"Jack of all trades, master of none." We've all heard this cliche before; it means somebody who has dabbled in many skills probably doesn't have the capacity to master any. It seems like an intuitive enough conclusion, but in the world of competitive Smash Bros, somebody has challenged this age-old maxim by reaching top-professional status in three different Smash games: Justin "Wizzrobe" Hallett.
Wizzrobe is not your ordinary Smash player. Hailing from central Florida, this 19-year-old has been source of resounding praise by the Smash community for his proficiency in Smash 64, Project M, and Melee. It's his mastery of Falcon in Melee, however, that has been his most remarkable claim to fame.
Right now, Wizzrobe is considered Melee's best Falcon player, and is at least top 15 overall in the world. To uncover what makes this so important, you need to know a little bit about Melee's tier-list. Professional Melee is notoriously binary; most of the top 10 either main Fox or Sheik, two of the best characters in the game. So when a player like Wizzrobe comes around placing as he does with Falcon, a character a few spots below the two top tiers, it's a big deal.
But to better understand his success with Falcon, you need to understand Wizzrobe's multigame beginnings. It was made clear from an early age that he already possessed an immense talent and passion for the all things Smash.
"I wanted to be good since I was little, and that never changed."
Wizzrobe's reason for playing Smash isn't different from most people's: the simple love of the game. For him, Smash in general was the kind of game where he could constantly keep coming back and still never get bored. He started with Melee and already a drive to become proficient was instilled in him. His big dream at the time was to attend his first competitive tournament.
It wasn't long before Wizzrobe's dream was realized. At the age of 13, he went to his first tournament to compete in Melee. There he made a significant impression on other attendees with his technical skill and his strong handle on the game. Wizzrobe reflected on his first competitive experience, saying "I did pretty well. I beat a couple people and attracted a crowd where people were shocked a young kid at his first tourney could do things like waveshine across the stage"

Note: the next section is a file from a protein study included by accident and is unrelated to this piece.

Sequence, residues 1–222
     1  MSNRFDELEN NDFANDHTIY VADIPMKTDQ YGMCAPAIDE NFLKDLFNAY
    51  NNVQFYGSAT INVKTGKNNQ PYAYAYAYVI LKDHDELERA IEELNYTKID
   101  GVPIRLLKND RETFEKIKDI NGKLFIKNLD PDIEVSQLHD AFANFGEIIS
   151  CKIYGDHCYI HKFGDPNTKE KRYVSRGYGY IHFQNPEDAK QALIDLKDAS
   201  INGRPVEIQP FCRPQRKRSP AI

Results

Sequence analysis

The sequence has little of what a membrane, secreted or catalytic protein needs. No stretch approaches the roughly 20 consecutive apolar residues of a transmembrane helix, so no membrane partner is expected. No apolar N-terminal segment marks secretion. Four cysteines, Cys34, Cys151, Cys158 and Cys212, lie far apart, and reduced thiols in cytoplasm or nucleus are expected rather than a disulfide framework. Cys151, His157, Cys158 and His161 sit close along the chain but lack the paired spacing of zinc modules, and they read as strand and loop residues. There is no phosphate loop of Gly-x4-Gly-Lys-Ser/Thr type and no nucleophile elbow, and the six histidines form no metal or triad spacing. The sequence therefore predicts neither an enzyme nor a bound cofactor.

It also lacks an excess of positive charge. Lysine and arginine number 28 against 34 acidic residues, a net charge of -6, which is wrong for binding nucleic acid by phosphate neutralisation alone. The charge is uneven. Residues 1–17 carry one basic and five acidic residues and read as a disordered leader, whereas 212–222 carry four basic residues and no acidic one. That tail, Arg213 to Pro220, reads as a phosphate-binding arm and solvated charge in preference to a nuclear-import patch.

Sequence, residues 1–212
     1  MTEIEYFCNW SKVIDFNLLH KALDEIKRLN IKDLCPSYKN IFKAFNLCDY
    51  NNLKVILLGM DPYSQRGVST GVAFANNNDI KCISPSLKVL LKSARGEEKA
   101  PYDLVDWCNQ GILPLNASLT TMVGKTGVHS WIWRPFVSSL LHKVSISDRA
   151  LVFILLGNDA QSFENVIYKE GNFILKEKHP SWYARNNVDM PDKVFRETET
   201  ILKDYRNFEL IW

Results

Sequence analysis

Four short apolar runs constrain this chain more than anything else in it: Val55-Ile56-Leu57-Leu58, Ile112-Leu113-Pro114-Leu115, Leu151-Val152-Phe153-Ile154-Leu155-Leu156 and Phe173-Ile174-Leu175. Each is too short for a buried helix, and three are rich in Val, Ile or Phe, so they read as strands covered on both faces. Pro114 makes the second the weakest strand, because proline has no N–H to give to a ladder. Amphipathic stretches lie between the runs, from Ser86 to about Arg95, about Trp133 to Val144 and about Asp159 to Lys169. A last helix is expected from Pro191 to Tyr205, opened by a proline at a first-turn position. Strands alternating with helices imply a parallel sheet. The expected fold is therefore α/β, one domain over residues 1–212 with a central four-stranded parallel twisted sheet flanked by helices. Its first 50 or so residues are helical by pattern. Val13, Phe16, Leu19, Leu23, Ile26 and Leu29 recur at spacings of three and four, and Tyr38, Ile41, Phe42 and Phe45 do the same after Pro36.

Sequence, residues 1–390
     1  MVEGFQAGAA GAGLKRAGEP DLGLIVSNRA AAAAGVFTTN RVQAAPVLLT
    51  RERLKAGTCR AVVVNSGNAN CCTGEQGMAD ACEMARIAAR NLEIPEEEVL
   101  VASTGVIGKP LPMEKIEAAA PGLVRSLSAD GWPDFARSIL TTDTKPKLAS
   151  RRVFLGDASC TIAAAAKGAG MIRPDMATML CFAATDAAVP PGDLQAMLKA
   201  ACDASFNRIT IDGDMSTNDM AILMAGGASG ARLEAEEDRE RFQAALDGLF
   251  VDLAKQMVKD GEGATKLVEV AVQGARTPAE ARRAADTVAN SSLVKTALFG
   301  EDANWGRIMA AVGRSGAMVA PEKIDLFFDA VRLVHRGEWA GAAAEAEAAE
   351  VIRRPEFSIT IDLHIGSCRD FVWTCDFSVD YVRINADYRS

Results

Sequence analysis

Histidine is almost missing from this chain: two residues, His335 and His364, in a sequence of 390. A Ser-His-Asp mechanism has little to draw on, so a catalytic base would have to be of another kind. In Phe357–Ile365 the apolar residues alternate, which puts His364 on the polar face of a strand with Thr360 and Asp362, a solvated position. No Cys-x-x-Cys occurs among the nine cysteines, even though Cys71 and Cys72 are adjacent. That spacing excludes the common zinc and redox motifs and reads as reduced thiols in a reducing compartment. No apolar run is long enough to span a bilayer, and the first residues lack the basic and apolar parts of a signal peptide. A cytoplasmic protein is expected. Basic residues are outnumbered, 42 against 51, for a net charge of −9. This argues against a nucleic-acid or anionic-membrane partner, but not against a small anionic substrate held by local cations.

Wizzrobe's first tournament also allowed him to experiment with a character named Captain Falcon. Having a penchant for the F-Zero series as well as the many combos Falcon could pull off, Wizzrobe had a strong desire to make him his main character. After not having much success with Falcon for his first match, however, he did what all great Melee players do: switch to Fox. He did slightly better with his Fox and went with him for the remainder of the tourney.
"But even still, I had always wanted to main Falcon and have him be my best. It was just harder in the beginning," Wizzrobe said of his switch.
Wizzrobe had a competitive drive for Super Smash Bros, the first game in the Smash series, just as he did for Melee. He would continue to place well in both games around his local Florida scene. But gaining proficiency in just two games wasn't enough. His third game, Project M, was an unofficial, fan-made Smash game with gameplay modifications better suited for competitive purposes. It would be this game that would launch him into the spotlight.
He continued practicing all three until he attended the tournament that would serve as a turning point in his career: Zenith 2013.
Zenith 2013 was a national Super Smash Bros. 64, Super Smash Bros. Melee and Project M tournament, and it was Wizzrobe's first tournament with a plethora of top talent present. World-renowned Melee players like Joseph "Mango" Marquez, William "Leffen" Hjelte, Juan "Hungrybox" Debiedmaand Jason "Mew2King" Zimmerman were all in attendance. Hungrybox and Mew2King were also set to compete in Project M. So Wizzrobe set out to take down these stars of the Smash scene in a game he knew well.